Association between patient survival following reoperation after total hip replacement and the reason for reoperation: an analysis of 9,926 patients in the Swedish Hip Arthroplasty Register

Background and purpose — The association between long-term patient survival and elective primary total hip replacement (THR) has been described extensively. The long-term survival following reoperation of THR is less well understood. We investigated the relative survival of patients undergoing reoperation following elective THR and explored an association between the indication for the reoperation and relative survival.

Patients and methods — In this observational cohort study we selected the patients who received an elective primary THR and subsequent reoperations during 1999–2017 as recorded in the Swedish Hip Arthroplasty Register. The selected cohort was followed until the end of the study period, censoring or death. The indications for 1st- and eventual 2nd-time reoperations were analyzed and the relative survival ratio of the observed survival and the expected survival was determined.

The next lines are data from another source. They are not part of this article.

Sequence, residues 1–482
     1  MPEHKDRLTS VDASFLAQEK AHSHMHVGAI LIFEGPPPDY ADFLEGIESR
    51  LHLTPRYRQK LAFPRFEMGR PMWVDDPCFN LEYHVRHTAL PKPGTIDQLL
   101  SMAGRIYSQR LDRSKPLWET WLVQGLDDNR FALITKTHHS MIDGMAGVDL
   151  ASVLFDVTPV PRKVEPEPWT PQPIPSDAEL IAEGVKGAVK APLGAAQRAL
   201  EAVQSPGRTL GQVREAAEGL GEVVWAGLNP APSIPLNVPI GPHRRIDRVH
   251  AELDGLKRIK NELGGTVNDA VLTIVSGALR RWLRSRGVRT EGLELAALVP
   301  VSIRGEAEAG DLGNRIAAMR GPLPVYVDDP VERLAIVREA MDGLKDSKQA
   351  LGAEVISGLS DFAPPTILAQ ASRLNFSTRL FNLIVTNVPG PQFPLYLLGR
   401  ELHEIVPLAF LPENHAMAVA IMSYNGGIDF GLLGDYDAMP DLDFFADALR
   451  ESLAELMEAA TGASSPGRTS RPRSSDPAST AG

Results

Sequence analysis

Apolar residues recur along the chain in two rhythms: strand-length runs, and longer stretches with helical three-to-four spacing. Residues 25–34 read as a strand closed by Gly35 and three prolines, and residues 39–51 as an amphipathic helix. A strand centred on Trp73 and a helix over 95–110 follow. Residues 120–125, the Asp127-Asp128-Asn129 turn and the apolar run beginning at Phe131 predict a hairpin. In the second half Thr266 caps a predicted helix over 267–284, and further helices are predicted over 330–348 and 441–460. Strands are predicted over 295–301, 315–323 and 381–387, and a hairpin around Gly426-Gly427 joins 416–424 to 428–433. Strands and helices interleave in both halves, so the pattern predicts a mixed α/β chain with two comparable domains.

Results — There were 9,926 1st-time reoperations and of these 2,558 underwent further reoperations. At 5 years after the latest reoperation, relative survival following 1st-time reoperations was 0.94% (95% CI 0.93–0.96) and 0.90% (CI 0.87–0.92) following 2nd-time reoperations. At 5 years patients with a 1st-time reoperation for aseptic loosening had higher survival than expected; however, reoperations performed for periprosthetic fracture, dislocation, and infection had lower survival.

Interpretation — The relative survival following 1st- and 2nd-time reoperations in elective THR patients differs by reason for reoperation. The impact of reoperation on life expectancy is more obvious for infection/dislocation and periprosthetic fracture.